Ryan Timlin, a member of Socialist Alternative and longtime labor activist, ran recently for president of Amalgamated Transit Union (ATU) Local 1005, representing Transit Workers in Minneapolis. Ryan won unopposed and therefore is now the president-elect.
The following is an interview with Ryan (conducted before his election) about his activism, the local’s upcoming contract battle, and his strategy for rebuilding a fightng union.
What made you decide to run for president of your local?
We need a fighting union that can win victories for our members and our communities. For the past three years, I’ve proven my dedication and willingness to defend our members as union rep for Nicollet Garage drivers and dispatchers. I’m now ready to bring that same level of commitment to the entire membership. But more than just defense, my presidency will also emphasize the need for going on the offensive around the contract and other issues. That’s why I launched and – along with the other candidates on this slate – have begun building the ATU 1005 Action Team as a way to educate and activate more rank-and-file members around our current contract fight, with the aim of laying a basis for future united actions.
How will you run your campaign differently from previous campaigns in your local?
This is a grassroots campaign working to rebuild a fighting union that is 100% accountable to and rooted in its rank and file. As president of the local, I’ll only accept the average wage of workers in the local, and donate the rest to social justice movements. This union has a fighting history and we need to bring it back. When we go into battle, whether over a contract or other issues, we will be building maximum rank-and-file participation and democracy and fighting to win.
What is it like to be a Minneapolis bus driver? What are the main complaints you hear from your coworkers?
Well, it’s a hard job – things are hard for most working class people. But it’s also an important job, and I think we all know that and we’re proud of our work and our union. But we’re also facing increased verbal and physical assaults, it’s physically taxing work, we can’t count on wage increases or our breaks, and we’re losing too much on our health benefits.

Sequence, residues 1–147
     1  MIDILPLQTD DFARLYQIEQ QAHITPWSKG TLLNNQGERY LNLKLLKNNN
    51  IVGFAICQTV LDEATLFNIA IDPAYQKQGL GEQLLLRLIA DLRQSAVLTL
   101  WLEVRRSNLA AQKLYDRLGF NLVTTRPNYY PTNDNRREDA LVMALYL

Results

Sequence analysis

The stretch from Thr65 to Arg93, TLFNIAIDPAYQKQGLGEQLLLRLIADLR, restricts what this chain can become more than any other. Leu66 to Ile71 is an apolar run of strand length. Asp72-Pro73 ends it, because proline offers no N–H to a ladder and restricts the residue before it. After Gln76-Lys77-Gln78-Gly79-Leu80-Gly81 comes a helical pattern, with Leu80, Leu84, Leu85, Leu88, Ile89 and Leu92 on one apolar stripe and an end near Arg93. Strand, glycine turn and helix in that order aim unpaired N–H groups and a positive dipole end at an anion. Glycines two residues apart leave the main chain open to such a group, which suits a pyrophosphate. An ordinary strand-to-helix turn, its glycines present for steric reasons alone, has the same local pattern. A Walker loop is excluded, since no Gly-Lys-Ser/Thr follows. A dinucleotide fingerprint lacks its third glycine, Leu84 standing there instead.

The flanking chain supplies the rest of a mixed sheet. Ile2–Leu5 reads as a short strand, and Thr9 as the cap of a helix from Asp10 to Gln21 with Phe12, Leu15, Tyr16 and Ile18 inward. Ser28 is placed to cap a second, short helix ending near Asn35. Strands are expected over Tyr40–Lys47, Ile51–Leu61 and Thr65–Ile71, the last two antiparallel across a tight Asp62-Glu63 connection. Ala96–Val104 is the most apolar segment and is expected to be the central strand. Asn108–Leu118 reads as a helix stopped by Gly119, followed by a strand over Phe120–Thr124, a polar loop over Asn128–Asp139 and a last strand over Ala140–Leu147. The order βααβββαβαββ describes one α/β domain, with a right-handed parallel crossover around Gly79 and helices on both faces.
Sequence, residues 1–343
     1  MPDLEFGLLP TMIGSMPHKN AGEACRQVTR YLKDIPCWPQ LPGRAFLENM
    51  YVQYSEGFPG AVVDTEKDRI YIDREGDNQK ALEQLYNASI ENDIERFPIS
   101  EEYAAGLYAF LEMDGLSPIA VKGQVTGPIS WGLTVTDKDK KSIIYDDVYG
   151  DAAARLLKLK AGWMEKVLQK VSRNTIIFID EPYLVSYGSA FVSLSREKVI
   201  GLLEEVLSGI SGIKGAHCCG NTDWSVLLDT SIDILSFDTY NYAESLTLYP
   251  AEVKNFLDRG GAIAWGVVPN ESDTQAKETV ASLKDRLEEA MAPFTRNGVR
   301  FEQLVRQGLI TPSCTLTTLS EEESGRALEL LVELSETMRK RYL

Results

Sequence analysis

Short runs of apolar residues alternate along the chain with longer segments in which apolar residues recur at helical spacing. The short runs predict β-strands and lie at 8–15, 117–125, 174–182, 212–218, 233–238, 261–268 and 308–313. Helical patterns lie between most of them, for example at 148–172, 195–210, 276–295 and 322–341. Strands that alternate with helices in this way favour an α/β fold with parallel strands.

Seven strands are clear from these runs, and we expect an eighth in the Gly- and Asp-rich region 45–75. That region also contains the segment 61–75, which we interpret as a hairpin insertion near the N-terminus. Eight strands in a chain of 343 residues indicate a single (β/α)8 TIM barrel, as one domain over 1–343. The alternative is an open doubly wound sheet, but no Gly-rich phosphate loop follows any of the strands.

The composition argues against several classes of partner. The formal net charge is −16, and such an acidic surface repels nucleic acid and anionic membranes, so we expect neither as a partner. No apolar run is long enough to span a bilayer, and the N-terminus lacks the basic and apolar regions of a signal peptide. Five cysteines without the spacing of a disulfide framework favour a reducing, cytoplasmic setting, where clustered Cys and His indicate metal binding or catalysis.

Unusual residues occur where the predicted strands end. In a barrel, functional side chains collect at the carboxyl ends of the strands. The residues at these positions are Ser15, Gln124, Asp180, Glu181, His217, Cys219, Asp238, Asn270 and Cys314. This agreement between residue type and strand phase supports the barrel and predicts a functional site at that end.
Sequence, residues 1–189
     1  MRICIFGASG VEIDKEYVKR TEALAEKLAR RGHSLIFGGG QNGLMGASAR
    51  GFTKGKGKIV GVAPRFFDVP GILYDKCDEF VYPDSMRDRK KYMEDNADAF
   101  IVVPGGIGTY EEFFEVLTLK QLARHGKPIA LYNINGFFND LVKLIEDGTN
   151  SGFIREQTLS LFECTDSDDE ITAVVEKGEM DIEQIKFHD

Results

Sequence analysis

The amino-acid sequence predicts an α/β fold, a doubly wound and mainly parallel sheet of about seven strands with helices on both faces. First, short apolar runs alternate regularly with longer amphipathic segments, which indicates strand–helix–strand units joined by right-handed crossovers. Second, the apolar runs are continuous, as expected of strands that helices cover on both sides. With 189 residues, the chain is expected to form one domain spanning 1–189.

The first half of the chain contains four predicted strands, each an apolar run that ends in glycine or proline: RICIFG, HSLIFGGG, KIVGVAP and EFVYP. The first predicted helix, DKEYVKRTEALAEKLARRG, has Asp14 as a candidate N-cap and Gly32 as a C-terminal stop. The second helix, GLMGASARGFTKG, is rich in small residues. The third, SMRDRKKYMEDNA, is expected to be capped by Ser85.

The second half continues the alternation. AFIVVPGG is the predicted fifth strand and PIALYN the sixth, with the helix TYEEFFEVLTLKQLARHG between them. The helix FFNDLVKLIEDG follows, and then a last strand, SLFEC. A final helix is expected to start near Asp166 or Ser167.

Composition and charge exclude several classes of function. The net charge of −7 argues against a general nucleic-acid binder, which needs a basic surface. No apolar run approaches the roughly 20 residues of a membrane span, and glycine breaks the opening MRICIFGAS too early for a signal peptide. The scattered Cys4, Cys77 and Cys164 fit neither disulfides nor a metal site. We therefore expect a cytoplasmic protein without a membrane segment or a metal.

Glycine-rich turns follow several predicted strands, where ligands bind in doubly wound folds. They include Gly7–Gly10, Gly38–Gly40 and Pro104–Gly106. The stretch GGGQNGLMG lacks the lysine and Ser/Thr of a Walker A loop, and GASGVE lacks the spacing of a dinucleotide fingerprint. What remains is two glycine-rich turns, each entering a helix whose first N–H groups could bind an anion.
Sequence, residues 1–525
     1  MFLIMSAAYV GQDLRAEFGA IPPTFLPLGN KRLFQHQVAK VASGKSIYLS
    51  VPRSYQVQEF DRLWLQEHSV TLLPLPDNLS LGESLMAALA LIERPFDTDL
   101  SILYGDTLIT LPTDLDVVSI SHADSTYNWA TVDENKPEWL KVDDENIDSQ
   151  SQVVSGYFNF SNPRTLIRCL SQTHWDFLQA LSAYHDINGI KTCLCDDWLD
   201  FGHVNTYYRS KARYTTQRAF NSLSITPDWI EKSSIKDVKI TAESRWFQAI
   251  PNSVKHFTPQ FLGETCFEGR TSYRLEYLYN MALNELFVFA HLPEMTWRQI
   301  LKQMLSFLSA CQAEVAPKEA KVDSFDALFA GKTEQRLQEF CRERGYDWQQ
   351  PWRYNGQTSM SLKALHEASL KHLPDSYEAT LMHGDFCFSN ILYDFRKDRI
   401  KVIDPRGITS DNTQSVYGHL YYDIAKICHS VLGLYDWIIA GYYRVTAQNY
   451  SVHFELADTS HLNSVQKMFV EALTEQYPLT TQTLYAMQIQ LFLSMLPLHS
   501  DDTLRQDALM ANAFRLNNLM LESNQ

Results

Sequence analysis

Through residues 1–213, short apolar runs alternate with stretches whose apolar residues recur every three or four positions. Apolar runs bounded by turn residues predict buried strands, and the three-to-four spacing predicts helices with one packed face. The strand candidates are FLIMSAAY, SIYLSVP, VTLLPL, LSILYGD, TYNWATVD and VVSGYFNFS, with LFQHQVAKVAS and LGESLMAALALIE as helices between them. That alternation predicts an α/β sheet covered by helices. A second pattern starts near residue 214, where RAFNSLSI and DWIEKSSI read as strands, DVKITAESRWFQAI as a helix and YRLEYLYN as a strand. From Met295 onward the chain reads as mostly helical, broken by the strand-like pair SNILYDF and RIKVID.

What is your vision for how to address those complaints and win real change?
We need to push Metro to invest in a safer working environment. And you know it’s going to take organizing, it’ll take a fightback. They needs to introduce left side doors for bus drivers and work with community organizations to train all staff in de-escalation methods. And we need to stop these relentless attacks on our health benefits. Metro Transit needs to pay more of the insurance premium, not less.
Beyond our struggle for a fair contract and workplace, we also find ourselves living in a society dominated by billionaires and corporations. Like Bernie Sanders, I consider myself a socialist and see the need to build a movement of the 99% – the regular working people – against this billionaire class. Trade unions have a key role to play in this struggle, but must unite with other unions and social movements to achieve real gains. I’ve been active in the victorious 15 Now struggle, protests against police brutality, Bernie Sanders’ political revolution, union solidarity campaigns, etc. ATU 1005 has the potential to be seen as a real fighting force for all working people in the Twin Cities area. Our leadership must seek ways to build more relationships with progressive social movements that challenge the status quo, rather than simply donate to countless run-of-the-mill political candidates.
You have a contract battle coming up. What are the main issues?
With the Super Bowl coming to Minneapolis, we have leverage to fight for a good contract. The company will try to delay to avoid the threat of a strike around the Super Bowl. We should build escalating actions to mobilize members to put pressure on the Met Council to negotiate . Candidates on this slate have built the Action Team to begin educating and mobilizing our members. We should do everything in our power to prevent concessions on health care, mechanics tools or other issues. We can build rider / driver partnerships by demanding expanded affordable public transit in opposition to the Met Council’s ongoing cuts to bus routes. We need to reach out to other unions, community groups, and riders in our contract campaign and be prepared to strike to defend our living standards, the labor movement and all working people.